One of my favourite parts is the Dresses from History section which features a variety of styles of dresses from the Georgian, Regency and Victorian periods. The lighting was quite subdued in this section to protect the delicate fabrics, in fact in one section the lighting was practically completely out and it was difficult to see. In each case the background fitted in with the era and there were decorative articles - vases, chairs and other items setting the scene. There was also a time-line on the cases stating historical events that were occurring at the time the dress would have been worn - such as famous books published, important pieces of music composed and various world events. The definite highlight for me was an actual dress worn by Queen Victoria - an all black, long sleeved dress.
Outside this section there is a display case with day-wear and another with evening-wear (both genders) but it seemed very messy. The cases were opposite each other so there wasn't much room between them, they didn't seem to be laid out in any particular order (i.e. chronological) and the audio tour seemed to discuss random selections from the middle or the opposite end so it took you a while to actually find the garment you are supposed to be looking at. This section was full of bemused people with audio guides milling about and not being a hundred percent sure what they were looking at. I think the idea was to demonstrate the difference between day and evening wear, and it certainly did, but in a most indirect and confusing way. This was followed by four influential British designers from the 1970s and 80s, none of whom I'd actually heard of. Maybe I'm a tad to young (I doubt it), but if that's the case that would include the vast majority of visitors who would come here. I was disappointed again, its not like there weren't plenty of influential British fashion designers over this period. Saying that the displays looked interesting, reminiscent of the period, and the audio guide was informative.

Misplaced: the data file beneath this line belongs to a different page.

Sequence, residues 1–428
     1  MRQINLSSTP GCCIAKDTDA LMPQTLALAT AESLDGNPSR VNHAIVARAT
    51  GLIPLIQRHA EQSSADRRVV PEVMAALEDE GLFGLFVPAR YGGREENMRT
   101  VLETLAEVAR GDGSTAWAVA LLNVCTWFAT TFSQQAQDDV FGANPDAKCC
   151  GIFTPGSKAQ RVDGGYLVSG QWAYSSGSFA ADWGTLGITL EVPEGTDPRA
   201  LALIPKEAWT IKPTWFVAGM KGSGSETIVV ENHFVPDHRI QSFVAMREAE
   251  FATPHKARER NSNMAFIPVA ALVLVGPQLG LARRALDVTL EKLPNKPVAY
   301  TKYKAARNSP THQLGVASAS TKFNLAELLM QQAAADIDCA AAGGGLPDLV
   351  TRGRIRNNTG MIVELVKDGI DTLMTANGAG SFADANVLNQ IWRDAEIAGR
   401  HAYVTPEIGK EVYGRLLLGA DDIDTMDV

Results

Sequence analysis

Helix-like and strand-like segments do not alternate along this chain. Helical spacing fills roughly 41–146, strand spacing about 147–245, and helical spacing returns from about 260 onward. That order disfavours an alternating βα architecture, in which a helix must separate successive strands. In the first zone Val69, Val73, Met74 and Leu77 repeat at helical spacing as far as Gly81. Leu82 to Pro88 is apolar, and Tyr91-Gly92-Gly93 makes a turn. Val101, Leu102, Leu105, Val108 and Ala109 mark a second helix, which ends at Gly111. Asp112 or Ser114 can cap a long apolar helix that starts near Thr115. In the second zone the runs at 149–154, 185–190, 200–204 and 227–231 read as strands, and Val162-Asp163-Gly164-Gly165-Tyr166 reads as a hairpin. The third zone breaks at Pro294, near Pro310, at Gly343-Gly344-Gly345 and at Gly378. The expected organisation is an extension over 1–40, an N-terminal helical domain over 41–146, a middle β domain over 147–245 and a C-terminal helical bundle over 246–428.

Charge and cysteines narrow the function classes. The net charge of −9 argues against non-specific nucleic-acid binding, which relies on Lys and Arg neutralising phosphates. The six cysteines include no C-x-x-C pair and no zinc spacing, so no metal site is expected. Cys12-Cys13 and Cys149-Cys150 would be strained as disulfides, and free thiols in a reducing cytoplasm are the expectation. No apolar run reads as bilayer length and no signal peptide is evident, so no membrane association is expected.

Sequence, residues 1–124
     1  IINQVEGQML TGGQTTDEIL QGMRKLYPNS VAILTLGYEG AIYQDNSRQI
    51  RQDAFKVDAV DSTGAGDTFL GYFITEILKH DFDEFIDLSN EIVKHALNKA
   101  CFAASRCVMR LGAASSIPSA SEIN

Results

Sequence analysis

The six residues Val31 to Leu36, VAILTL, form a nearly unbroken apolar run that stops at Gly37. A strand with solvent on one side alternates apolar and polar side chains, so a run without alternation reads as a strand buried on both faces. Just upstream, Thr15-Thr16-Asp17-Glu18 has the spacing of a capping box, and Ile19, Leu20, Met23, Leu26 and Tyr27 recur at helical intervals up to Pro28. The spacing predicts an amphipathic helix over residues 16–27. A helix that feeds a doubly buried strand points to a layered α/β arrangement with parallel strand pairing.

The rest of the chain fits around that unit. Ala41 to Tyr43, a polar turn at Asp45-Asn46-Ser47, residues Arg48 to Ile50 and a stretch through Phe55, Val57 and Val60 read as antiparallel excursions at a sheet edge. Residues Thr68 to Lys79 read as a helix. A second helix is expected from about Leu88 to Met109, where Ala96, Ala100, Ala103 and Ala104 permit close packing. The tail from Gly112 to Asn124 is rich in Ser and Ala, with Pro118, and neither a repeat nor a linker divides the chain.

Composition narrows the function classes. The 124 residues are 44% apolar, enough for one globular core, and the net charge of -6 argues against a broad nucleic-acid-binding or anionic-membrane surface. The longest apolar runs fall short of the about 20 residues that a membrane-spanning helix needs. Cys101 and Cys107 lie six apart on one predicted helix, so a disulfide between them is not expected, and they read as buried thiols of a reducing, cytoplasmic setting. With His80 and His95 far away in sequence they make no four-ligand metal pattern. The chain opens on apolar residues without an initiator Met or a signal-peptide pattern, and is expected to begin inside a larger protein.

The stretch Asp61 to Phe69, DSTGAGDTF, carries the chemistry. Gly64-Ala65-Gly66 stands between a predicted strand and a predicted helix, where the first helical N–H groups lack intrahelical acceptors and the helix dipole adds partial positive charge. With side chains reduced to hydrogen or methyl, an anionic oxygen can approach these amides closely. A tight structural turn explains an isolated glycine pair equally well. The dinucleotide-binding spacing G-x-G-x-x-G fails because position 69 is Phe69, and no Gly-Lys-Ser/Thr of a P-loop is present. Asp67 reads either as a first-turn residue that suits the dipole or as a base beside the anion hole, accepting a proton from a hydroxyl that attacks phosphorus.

I remember visiting this museum as a teenager and loving it, but I felt a bit disappointed by my return visit. The museum seemed a bit of a mess - badly laid out as far as a cohesive visit was concerned, you wandered into random rooms and I was concerned I may have missed something. It seemed very bitty and confusing. As mentioned before, the audio guides, whilst informative when available, didn't cover every section of the museum. All in all we were there only 45 minutes and I felt a bit let down. I would like to have seen more of the dresses from history coming forward towards the present day as I think that section was very well thought out. Recommended hesitantly.
Summary: A potentially interesting museum that has room for improvement.